WM: The world adores your father Dean Martin. Is there any one memory, growing up as Dean Martin’s daughter, that stands out most for you and your decision to become a performer?

DM: Probably seeing him at the Sands Hotel in Las Vegas when I was very little sitting in the front row. The stage was dark and the announcer said “Ladies and gentlemen: the Sands Hotel is proud to present the star of our show, direct from the bar, Dean Martin.” The light would shine on him as he walked out with a glass in his hand and a cigarette. He walked up to the microphone and he said “How long have I been on” and it was just so cute to hear the audience go “Ah, here he is.” He sang and told some jokes and when he started to introduce his seven kids, the audience applauded and he said “don’t, it only took me seven minutes.” Well, I didn’t know what that meant back then, but the audience laughed. And then dad introduced me and said “Deana stand up and let everyone see how pretty you are.” The light was shining on me and the people were applauding and I thought I have to do this.

WM: Being his daughter, did you feel any pressure as a performer?

DM: Sure. He was so incredible and loved for so many years and I never heard anything negative about him, so I have a lot to live up to. I am very lucky that I am not a boy so the comparison would be Dean and Dean junior. People are a little kinder to me because I am a girl. I’ve studied very hard. So far I’ve been received very well. People like what I do so I didn’t feel that pressure. I put pressure on myself to be as good as I can be. Once I’m out on the stage, I’ve got to really pull it out of my head and perform for you.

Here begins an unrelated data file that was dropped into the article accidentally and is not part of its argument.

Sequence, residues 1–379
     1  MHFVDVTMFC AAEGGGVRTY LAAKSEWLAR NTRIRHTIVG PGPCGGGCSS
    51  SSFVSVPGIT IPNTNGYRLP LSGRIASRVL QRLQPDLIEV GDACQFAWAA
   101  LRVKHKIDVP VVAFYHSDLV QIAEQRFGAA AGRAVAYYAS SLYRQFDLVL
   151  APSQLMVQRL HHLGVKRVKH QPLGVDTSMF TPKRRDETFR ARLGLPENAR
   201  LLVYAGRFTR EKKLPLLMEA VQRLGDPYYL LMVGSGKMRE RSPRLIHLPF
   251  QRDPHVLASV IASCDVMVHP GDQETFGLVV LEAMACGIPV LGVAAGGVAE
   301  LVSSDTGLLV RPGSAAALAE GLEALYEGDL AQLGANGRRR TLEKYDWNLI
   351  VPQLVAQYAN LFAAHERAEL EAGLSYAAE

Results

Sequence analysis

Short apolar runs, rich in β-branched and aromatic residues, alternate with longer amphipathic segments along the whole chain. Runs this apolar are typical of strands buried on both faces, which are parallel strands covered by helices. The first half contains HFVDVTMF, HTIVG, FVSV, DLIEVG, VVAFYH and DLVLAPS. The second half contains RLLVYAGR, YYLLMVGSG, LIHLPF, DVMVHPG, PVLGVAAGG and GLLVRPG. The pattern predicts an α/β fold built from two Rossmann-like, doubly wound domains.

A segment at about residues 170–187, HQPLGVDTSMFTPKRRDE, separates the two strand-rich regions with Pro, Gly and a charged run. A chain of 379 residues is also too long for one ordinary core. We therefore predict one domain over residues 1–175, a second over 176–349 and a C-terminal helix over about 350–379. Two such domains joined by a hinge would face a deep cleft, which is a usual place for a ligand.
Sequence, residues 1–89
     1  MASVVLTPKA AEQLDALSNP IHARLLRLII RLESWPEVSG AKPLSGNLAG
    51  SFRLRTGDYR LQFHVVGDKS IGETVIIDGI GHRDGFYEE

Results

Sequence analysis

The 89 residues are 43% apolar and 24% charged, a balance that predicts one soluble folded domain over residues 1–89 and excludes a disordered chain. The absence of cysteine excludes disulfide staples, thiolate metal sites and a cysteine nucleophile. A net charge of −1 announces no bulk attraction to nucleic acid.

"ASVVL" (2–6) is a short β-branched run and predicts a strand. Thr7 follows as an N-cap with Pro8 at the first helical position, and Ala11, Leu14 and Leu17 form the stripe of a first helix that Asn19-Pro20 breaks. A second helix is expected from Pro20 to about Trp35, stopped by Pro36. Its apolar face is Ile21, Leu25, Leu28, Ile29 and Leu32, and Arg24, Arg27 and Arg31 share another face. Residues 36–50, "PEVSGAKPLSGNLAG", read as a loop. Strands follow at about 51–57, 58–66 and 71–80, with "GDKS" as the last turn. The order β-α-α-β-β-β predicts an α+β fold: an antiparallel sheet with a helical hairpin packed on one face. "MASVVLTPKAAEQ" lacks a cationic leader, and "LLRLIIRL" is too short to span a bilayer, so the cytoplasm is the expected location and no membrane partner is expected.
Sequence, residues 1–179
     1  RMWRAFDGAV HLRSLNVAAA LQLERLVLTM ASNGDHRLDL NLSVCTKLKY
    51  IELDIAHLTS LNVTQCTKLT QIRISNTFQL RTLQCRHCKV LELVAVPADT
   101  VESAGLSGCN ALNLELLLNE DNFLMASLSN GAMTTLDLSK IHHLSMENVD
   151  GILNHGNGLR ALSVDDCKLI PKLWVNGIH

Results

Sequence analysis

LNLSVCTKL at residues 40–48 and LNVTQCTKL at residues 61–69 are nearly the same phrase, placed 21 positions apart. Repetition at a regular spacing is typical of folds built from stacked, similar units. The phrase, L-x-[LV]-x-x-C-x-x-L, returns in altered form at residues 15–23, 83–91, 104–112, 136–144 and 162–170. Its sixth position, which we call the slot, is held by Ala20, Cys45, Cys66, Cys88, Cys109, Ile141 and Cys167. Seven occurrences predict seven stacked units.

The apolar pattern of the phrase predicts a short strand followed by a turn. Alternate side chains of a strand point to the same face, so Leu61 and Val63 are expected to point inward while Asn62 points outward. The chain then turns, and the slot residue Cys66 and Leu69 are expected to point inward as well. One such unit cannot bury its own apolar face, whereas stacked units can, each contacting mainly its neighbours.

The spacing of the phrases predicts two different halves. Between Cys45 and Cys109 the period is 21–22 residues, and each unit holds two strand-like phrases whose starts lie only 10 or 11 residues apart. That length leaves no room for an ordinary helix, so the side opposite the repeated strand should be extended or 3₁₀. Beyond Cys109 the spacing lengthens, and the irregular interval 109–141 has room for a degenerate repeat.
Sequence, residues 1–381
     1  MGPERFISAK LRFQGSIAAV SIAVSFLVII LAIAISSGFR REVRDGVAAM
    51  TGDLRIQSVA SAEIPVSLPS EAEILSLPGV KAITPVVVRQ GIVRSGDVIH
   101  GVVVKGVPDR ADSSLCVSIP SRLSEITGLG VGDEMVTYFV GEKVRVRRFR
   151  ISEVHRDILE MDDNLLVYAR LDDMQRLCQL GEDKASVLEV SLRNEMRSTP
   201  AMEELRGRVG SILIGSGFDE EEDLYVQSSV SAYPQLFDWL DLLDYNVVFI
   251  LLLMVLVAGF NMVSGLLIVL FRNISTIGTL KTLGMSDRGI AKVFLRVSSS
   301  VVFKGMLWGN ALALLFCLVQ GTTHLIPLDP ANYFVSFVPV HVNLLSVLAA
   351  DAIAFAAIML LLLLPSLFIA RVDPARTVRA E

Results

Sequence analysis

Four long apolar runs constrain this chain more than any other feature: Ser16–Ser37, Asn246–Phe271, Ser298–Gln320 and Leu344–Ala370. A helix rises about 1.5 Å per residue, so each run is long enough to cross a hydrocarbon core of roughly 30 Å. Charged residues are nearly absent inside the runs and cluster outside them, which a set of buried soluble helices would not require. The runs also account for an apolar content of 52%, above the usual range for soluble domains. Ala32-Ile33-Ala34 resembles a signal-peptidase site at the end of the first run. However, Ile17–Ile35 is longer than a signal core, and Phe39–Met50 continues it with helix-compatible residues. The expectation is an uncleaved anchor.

WM: Your best seller, Memories Are Made of This: Dean Martin Through His Daughter’s Eyes, will be turned into a movie soon and your first choice to play your father’s character in the movie is Johnny Depp. Tell us why.

DM: First of all he is so handsome and has the same hairline as my dad and he is really a fantastic actor, so I think he could pull it off. Plus he is a musician, he sings, and he is cool. He has a bit of that swagger. I think there are quite a few people that can do it, but there is just something about him and that he has that “magic in a bottle.” Who knows what it is but I think he’s got it. I have no idea if that would ever happen. People have said maybe George Clooney or Harry Connick Jr. and I’m sure there are a million fabulous looking great Italian singers and actors out there that would be wonderful, but there is a great name that goes with Johnny Depp or any of the other guys. It’s very exciting for me.

WM: That brings us right to our final question: What else is there you would like to accomplish?

DM: I want to do Broadway and hopefully this album will get a Grammy. There is no end to what you can do and I think you are never to old to go after your dreams. I think there is a time for everything in your life. I take it one day at a time and one thing leads to another. Just set your goals high and dream big and that’s what I’ve done all my life and so it is all coming true.

At the conclusion of the interview, Ms. Martin expressed her interest in the Women’s Mafia and what we were doing. She encouraged us to keep up the good work and said that women are so strong and great and that now it’s all coming around and there is no stopping us.

Ms. Martin is currently promoting the release of her new hit CD “Volare,” and her upcoming tour around the United States. For more information about Deana Martin and her upcoming tour dates and events, please visit her official site.

ElishaNYC

Author ElishaNYC